SEC Chair William Donaldson

This is a partial transcript from Your World with Neil Cavuto, December 18, 2003, that was edited for clarity.

Watch Your World w/Cavuto weekdays at 4 p.m. and 1 a.m. ET.

NEIL CAVUTO, HOST: New changes in management just one of the many things my next guest wants to implement on Wall Street. And he did so big time today.

I'm talking about William Donaldson, the chairman of the Securities and Exchange Commission. No sooner did he become the SEC chairman then he had all the hell to deal with.

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Mr. Chairman, good to see you.


CAVUTO: The Alliance Capital deal is striking in a variety of ways. First of all, the $250 million that they guaranteed to give back to investors, they cut back their fees, essentially, by 20 percent over the next few years. How did you do that?

DONALDSON: Well, we — the $250 million fine and penalty and so forth was — represents, as you say, restitution for the damages done to the investors and the Alliance funds. As far as the fee reduction, that was not part of our settlement. We believe that fees and — we are taking a hard look at the total fees that the mutual fund investors pay. But as far as a fee, setting of fees...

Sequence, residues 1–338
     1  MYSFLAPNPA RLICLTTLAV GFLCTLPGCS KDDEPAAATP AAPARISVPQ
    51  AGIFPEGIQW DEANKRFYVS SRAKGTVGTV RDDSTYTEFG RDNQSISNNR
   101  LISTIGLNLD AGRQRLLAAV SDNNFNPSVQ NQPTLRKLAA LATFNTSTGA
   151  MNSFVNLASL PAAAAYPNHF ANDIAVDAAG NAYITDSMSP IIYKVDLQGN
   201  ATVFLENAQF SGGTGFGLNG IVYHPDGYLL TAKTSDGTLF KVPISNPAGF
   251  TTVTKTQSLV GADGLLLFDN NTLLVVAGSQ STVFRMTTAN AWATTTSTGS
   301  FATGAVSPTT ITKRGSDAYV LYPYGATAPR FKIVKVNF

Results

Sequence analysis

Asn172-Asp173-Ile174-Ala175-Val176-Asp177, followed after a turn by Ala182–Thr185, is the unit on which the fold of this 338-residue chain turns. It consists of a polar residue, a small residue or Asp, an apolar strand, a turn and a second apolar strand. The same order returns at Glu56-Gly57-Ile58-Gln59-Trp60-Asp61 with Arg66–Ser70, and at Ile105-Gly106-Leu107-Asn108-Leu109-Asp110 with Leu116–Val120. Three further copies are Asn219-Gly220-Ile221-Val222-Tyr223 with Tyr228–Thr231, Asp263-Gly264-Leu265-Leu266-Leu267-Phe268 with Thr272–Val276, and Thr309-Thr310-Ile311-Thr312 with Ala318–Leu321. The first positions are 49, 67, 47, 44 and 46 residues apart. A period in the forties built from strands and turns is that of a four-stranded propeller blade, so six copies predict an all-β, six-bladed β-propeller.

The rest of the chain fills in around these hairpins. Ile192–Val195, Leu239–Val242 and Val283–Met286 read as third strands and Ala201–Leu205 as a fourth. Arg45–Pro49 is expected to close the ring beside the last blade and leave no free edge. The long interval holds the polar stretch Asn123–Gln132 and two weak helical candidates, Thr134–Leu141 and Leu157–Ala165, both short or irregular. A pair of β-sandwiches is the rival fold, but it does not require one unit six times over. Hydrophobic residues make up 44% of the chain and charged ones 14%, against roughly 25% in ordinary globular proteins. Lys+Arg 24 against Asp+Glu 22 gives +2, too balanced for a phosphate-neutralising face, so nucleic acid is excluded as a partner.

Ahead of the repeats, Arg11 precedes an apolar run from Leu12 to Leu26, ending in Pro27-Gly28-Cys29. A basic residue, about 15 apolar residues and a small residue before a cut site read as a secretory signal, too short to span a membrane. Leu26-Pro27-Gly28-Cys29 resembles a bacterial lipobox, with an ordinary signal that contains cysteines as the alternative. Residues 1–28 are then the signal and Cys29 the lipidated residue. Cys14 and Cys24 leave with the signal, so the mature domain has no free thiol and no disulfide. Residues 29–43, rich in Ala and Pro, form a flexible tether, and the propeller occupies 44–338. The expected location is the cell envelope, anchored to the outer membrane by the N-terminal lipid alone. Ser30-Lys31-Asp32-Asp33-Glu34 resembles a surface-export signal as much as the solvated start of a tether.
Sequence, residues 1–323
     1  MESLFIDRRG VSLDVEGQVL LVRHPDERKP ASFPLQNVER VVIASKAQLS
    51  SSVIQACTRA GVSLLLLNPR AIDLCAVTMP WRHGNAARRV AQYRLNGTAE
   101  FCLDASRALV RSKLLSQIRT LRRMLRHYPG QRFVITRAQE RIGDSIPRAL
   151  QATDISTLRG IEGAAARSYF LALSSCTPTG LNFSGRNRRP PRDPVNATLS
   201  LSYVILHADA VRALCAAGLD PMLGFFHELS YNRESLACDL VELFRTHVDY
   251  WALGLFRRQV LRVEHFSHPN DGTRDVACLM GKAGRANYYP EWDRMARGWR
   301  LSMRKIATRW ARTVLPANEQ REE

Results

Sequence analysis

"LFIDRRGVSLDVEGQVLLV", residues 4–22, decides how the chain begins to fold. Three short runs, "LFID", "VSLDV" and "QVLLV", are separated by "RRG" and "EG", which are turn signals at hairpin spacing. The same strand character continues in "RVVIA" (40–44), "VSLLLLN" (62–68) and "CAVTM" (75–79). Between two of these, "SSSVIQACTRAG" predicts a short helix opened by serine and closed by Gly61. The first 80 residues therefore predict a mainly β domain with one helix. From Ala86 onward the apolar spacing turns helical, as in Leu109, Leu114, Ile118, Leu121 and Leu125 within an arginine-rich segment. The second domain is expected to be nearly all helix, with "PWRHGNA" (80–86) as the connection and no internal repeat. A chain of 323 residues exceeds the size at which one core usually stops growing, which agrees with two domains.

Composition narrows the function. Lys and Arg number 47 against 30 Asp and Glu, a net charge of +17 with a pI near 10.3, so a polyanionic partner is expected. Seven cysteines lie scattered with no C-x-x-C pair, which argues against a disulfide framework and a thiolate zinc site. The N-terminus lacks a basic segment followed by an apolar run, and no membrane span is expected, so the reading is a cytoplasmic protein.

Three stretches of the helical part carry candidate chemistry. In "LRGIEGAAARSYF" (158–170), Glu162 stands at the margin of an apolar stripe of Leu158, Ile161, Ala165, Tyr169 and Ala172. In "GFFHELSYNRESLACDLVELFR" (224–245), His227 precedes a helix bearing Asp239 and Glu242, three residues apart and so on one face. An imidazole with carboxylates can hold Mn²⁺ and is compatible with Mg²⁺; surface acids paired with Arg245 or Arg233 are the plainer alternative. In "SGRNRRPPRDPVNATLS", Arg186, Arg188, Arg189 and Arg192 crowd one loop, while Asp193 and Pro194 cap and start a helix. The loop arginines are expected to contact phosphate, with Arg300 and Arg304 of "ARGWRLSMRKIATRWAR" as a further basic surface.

CAVUTO: You don't think that's...

DONALDSON: We don't think that is...

CAVUTO: What is to blame the Alliance folks and other mutual fund folks to get a mixed read then from Eliot Spitzer in New York and you at the SEC, different policing methods? He going after the fees, you not?

DONALDSON: Yes. Well, I think that we are in two different areas. We are the SEC. We have a responsibility for regulating mutual funds, setting down the rules. We think that fees are a matter of — that should be determined by the marketplace. We think that fees should be disclosed in a way that investors understand what they are paying, what they are paying in costs and expenses and so forth.

And then we think the market ought to provide the competition to get those fees down. If people are going to pay what they want to pay for the services they perceive they are getting, we think the market is what should determine the fees.

CAVUTO: Are you in the same opinion — many in Eliot Spitzer's office, including Mr. Spitzer himself, has said the market has let people down, that you have to police it better. He criticized your mutual fund enforcement chief as not doing that. And it has led to a lot of bad blood back and forth between you and Mr. Spitzer.